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Here is a very simple way to demonstrate that
water contains hydrogen and oxygen. In order to
show electrolysis, you'll need a 9 volt battery,
some bits of wire, tape, a small
saucer, some salt, and two small
pencils sharpened at each end.
You can use this demonstration in lower grades
just to illustrate that oxygen and hydrogen are
the components of water. But we've also included
enough information to make it useful for high
school chemistry students.
However you make use of the demo, it only takes
seconds to set up, requires no special equipment,
and it works every time! The first time we saw
this demonstrated we were amazed at how simple
it is to separate water into its components ...
no complicated tubing, glassware, and electrical
power supply needed!
You can use a clear glass dish, and show the process
on an overhead projector.
Here's the setup. That's all there is!
Add a sprinkle or two of salt to the water
... not much is needed. Each pencil becomes an
electrode, and the moment you hook up the battery,
bubbles will begin appearing at the tip of each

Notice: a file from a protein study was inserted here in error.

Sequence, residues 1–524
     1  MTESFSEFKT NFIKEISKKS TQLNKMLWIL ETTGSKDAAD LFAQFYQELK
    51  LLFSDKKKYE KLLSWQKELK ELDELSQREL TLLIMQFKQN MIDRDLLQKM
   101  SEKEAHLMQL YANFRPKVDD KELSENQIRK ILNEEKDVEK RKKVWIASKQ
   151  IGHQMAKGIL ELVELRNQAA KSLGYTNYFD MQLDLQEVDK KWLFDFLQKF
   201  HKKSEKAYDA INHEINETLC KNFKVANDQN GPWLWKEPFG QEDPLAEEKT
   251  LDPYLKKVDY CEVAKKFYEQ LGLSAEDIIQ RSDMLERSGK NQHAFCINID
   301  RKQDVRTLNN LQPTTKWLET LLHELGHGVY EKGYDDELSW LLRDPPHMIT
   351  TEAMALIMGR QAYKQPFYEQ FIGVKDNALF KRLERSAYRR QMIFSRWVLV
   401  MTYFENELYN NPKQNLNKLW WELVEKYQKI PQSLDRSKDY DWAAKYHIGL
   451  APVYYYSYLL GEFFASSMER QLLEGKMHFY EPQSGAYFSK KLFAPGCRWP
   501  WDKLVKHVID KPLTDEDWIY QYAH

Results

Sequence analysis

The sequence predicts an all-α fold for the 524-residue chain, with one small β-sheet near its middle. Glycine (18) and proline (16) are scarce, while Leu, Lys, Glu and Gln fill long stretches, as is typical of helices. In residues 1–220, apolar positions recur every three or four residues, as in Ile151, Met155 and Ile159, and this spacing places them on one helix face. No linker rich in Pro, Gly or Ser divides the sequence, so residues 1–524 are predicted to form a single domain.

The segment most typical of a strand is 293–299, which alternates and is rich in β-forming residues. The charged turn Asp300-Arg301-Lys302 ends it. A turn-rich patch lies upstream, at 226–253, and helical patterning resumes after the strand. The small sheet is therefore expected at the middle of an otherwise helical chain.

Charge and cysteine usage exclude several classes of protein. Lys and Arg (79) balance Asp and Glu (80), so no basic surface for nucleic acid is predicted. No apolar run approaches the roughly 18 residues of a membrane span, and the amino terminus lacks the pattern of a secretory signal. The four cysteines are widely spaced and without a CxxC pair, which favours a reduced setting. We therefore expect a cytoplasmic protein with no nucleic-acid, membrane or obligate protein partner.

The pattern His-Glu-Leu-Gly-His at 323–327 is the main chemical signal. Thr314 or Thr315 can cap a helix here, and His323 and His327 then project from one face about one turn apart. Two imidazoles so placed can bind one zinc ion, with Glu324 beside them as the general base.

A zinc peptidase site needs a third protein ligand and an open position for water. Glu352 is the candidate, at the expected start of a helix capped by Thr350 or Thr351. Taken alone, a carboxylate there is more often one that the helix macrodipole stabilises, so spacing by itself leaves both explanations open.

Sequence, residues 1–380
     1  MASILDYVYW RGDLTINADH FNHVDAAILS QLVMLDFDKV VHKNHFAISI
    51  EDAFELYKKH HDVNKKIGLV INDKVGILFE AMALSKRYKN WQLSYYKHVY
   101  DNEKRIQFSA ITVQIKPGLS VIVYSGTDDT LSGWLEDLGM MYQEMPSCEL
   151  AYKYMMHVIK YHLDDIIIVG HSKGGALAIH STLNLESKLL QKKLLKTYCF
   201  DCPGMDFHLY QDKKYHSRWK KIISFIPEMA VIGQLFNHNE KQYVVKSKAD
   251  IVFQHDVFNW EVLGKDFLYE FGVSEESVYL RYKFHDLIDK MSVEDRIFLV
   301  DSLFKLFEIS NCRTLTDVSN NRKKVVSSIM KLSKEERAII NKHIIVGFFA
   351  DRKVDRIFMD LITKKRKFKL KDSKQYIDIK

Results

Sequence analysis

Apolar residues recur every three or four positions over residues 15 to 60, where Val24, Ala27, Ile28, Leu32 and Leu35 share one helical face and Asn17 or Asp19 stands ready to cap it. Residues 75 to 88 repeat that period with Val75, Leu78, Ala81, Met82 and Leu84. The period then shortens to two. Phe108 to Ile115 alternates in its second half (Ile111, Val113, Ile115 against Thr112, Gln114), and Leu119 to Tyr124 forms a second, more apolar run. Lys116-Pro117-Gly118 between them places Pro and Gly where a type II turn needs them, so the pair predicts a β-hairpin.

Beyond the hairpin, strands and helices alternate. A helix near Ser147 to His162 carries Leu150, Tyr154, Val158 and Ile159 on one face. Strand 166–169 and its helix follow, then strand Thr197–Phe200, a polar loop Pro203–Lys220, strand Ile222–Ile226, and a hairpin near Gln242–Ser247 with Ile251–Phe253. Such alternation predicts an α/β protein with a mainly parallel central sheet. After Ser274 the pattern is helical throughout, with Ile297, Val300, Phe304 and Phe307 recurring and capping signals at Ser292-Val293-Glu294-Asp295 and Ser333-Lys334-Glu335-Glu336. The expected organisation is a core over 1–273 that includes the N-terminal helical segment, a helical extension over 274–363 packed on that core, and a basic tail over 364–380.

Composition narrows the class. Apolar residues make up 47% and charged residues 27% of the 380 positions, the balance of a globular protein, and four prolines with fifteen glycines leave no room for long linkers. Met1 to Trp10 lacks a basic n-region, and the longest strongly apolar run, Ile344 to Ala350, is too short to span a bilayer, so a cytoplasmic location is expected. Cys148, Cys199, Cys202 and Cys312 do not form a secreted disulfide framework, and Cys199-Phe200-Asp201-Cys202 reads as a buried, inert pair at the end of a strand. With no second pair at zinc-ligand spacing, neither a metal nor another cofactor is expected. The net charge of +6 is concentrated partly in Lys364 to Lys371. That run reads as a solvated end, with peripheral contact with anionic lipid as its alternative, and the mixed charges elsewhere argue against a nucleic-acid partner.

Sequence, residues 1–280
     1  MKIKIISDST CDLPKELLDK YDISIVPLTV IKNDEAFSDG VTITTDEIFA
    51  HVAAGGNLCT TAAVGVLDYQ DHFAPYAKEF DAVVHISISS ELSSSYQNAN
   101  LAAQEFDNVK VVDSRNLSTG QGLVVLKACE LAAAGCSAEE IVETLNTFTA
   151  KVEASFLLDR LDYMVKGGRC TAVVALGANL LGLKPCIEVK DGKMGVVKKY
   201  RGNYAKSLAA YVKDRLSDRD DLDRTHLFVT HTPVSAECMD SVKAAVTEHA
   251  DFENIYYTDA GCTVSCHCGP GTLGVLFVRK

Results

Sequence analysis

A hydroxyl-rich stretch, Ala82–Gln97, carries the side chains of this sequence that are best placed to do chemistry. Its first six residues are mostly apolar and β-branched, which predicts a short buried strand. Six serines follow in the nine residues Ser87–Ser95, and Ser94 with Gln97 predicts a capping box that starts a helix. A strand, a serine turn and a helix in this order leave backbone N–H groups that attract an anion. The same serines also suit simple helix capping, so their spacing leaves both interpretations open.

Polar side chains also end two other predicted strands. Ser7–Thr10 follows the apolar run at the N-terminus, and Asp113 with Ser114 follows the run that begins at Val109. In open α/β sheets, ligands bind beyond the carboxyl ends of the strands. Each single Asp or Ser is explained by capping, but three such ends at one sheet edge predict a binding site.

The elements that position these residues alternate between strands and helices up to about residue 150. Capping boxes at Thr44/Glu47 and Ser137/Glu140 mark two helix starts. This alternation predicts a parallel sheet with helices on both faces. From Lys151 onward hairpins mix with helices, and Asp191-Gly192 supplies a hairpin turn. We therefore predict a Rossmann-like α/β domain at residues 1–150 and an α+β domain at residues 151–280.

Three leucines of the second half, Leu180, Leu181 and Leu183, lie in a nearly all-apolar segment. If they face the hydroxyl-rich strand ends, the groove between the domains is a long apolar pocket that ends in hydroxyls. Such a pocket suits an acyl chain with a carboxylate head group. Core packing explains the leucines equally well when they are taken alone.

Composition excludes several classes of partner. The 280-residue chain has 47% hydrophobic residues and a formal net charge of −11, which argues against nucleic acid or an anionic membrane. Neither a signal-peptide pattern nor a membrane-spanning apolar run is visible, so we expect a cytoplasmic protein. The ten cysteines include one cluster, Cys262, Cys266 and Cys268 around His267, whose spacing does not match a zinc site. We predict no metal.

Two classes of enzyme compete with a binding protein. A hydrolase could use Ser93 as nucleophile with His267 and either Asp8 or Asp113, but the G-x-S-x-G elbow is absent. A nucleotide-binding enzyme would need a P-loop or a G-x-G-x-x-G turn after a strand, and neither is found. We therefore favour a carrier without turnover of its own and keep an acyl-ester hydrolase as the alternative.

pencil: oxygen at the positive electrode, and
hydrogen at the negative one.
You can try collecting the gases with inverted
small test tubes, and use a burning splint to
test for hydrogen (the tube will pop) and a glowing
splint to test for oxygen (the splint will burst
Below on this page we've included some terms describing
electrolysis, and an explanation of the process
that is suitable for high school chemistry students.
you add salt to the water,
the salt ions (which are highly polar) help
pull the water molecules apart into ions too.
Each part of the water molecule has a charge.
The OH- ion is negative,
and the H+ ion is positive.
This solution in water forms an electrolyte,
to flow when a voltage is applied. The
H+ ions, called cations,
move toward the cathode (negative electrode),
and the OH- ions, called anions,
move toward the anode (positive electrode).
you add some universal indicator solution
to the salt water, you will be able to see
a colour change corresponding to acid
near the cathode (H+ ions in water)
and base near the anode (OH-
ions in water).
At the anode, water is oxidized:
> O2 + 4H+
At the cathode, water is reduced:
+ 4e- > 2H2
Note that there is a net balance of electrons
in the water.
Bubbles of oxygen gas (O2) form at
the anode, and bubbles of hydrogen gas (H2)
form at the cathode.
The bubbles are
easily seen. Twice as much hydrogen gas is produced
as oxygen gas.
The net reaction:
2H2O > 2H2
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